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I am working on a ( project that is using interfaces to provide dependency injection. But to me, it feels like the maintainability of the code has been killed. When I want to read through the code, I can't simply jump to the code of a related class that is used. All I see are the interfaces, and so I have to hunt through the project to figure out what classes are doing the implementation. This really hurts my productivity.

Yes, I know I now can implement the interfaces with a wide variety of replacement classes. But for example, I know I'm not changing my data source any time soon--there is no need for me to enable the ability to swap that out. All of this dependency injection seems like overkill to me (in fact, the only real reason it is there is to support mock classes for unit testing). I've actually read several places that state DI is actually better for maintainability. But that assumes you already know where everything is and you know which class you need to update. Finding out where to look is the part that is killing me.

So, my question is: Is there a better way to traverse through the code? Is there a better way to make the code more maintainable? Are we just doing it wrong? Or is this par for the course?

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dependency injection is about maintanability, scalability and loose coupling, not about making your task of "code traversal" easier. – RPM1984 Oct 30 '10 at 5:26
it is mostly your point of view that is making you feel uncomfortable. – TheVillageIdiot Oct 30 '10 at 5:29
1. Install ReSharper. 2. Go to any interface method call. 3. CTRL-ALT-B – Mauricio Scheffer Oct 30 '10 at 5:55
@RMP1984 How is it more maintainable when just trying to find out where to look is non obvious? This is the point where I don't understand the support for DI for its maintainability. – JLX Oct 30 '10 at 6:17
you really seem to be equating "ease of navigating code" with "maintainability". These are two very different things... – Nader Shirazie Nov 1 '10 at 4:12

There is definitely some overhead to DI, especially when your configuration is separated from your code. While this is par for the course, it does get easier to deal with over time, and as you get a better understanding of the code.

However, there is tooling that can help - Have a look at Resharper or CodeRush. Both offer excellent improvements to the code navigation experience in Visual Studio. Resharper has excellent "Go To Symbol" or "Go To Implementation" methods that quickly help you navigate to the implementation of your interface, wherever it may be.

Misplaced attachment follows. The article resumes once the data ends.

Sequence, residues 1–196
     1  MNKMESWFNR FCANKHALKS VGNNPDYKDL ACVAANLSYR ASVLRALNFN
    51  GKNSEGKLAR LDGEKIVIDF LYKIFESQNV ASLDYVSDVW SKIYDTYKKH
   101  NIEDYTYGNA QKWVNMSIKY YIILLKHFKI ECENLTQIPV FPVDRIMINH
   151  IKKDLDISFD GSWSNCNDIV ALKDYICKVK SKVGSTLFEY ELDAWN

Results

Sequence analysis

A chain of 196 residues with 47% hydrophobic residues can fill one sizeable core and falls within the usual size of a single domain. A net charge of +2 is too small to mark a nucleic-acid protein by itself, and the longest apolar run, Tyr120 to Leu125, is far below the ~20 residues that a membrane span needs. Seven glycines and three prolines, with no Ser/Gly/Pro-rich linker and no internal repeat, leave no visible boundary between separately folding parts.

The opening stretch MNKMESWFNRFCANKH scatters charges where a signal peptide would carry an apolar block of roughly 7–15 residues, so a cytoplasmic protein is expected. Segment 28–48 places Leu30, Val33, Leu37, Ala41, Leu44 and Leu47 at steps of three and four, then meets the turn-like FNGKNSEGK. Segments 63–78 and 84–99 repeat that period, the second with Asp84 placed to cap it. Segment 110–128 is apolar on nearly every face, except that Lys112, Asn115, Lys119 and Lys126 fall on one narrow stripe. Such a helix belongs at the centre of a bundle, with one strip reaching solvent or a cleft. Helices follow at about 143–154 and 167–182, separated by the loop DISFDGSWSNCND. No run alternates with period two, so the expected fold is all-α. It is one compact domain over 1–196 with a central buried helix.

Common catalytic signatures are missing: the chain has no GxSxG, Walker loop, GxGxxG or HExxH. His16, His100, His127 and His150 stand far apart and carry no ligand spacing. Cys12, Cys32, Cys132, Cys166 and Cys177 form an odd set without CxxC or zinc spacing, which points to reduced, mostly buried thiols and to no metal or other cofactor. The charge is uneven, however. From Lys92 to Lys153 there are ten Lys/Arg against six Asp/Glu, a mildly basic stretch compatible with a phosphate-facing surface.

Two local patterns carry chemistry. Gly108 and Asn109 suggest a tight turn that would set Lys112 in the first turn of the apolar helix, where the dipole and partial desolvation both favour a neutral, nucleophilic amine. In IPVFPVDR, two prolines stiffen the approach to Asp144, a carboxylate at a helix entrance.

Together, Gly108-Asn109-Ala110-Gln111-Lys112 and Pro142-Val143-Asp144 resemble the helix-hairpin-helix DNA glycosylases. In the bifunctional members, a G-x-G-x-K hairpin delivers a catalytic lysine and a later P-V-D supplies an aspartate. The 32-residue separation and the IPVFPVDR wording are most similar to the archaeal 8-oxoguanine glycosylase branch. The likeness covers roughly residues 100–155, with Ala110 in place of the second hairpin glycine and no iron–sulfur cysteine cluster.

To the point about maintainability: In general, a loosely coupled design becomes more important as time passes, because there will be change. The more tightly coupled your code is, the harder it is to make small changes without affecting the overall application. This is where depending on interfaces is very very important -- whether or not you choose to use Dependency Injection.

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I guess this is where I don't see the advantages of modifying a class that implements your interface rather than modifying a concretely referenced class. Interfaces allow for multiple implementations, it doesn't necessarily allow an implementation change to be encapsulated. – JLX Oct 30 '10 at 6:10
It does help, but maybe not in your application. If all your interfaces always expose exactly the same set of behaviours as your implementations, then yes, there's little difference between the implementation and interface. Interfaces per se do not magically improve your design, they are just a necessary tool when designing loosely coupled components. – Nader Shirazie Oct 30 '10 at 21:03
Also, if you cannot understand the code you're working with without going into the implementation of the interface, then that's a different issue. For eg, I know that IList has an Add method -- if, when using a class that implements IList, I need to know how Add is implemented, then my class is dependent on the implementation of IList rather than the IList interface. Designing components so that they do not have this type of dependency on implementation is what is important. That is what allows you to make changes to your app safely – Nader Shirazie Oct 30 '10 at 21:05
+1 Good point about maintainability. – Mark Seemann Nov 1 '10 at 9:27

Maintainability is many different things. Overall, it addresses the degree to which you can keep evolving an application by adding new features.

Yes, it may become more difficult to understand how collaborators are connected, so that aspect of maintainability may suffer by introducing loose coupling.

However, once you've figured out how the code base works, you should be better able to add new features without slowing down. In that sense, maintainability is much improved by loose coupling.

It's not a silver bullet, though. Loose coupling is a prerequisite for maintainable code, not a guarantee.

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+1 very well said – Nader Shirazie Nov 1 '10 at 16:10

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